This Week in Immigration

Reposted from Immigration Impact by LA-AID

The American Immigration Council sends weekly newsletters. Here is the one for this week!


FACTS YOU SHOULD KNOW

  • The Biden administration announced it is seeking to increase legal pathways for those interested in performing seasonal work in the U.S. this year. If accomplished, the move would offer 22,000 additional guest worker visas—a substantial increase in the number of H-2B visas—which otherwise caps at 66,000 per year and allows people to enter the U.S. for seasonal work in industries such as tourism and landscaping.  Current U.S. immigration law provides several paths for foreign workers to enter the United States for employment purposes on a temporary or permanent basis. This fact sheet from the American Immigration Council provides basic information about how the employment-based U.S. immigration system works. Read more: Employment-Based Visa Categories in the United States

 ACROSS THE NATION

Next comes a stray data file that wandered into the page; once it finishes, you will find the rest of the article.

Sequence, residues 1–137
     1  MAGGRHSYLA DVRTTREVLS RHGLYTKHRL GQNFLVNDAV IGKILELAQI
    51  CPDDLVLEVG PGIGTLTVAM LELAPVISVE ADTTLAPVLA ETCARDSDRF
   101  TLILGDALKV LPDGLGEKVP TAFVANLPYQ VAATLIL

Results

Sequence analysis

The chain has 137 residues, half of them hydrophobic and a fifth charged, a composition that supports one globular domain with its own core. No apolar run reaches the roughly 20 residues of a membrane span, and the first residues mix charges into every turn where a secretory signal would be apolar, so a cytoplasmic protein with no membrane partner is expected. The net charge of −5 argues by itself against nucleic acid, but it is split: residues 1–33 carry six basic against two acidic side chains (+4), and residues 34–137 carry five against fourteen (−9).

• The Biden administration’s deadline to conduct a 100-day review of its enforcement priorities is fast approaching. Meanwhile ICE has yet to announce a formal process to review the cases of those in its custody for release. The American Immigration Council’s Immigration Justice Campaign—a nationwide network of volunteer attorneys and advocates that serves thousands of detained individuals who would otherwise go unrepresented—is working to ensure people have the help of a dedicated attorney to ask ICE to review their cases and release them from detention. Understanding the experiences of detained individuals and the harsh realities of immigration detention are an important reminder of why we must ensure that ICE is held accountable to its new enforcement priorities and case review process.  Read more: Impacted Individuals Build the Case to End Immigration Detention

QUOTE OF THE WEEK 

“The Trump-era approach to interior enforcement was to cast as wide a net as possible, to enforce immigration law by dragnet, with the goal of terrorizing communities, instilling fear and, ultimately, the sort of overarching goal was to create deterrents to immigrating to the United States.

“What the Biden administration did was to try to create priorities and new levels of oversight mechanisms to redirect immigration enforcement so that we’re not going after people who have been in the United States for many years, people who have strong ties to our communities.”

– Jorge Loweree, policy director at the American Immigration Council


 FURTHER READING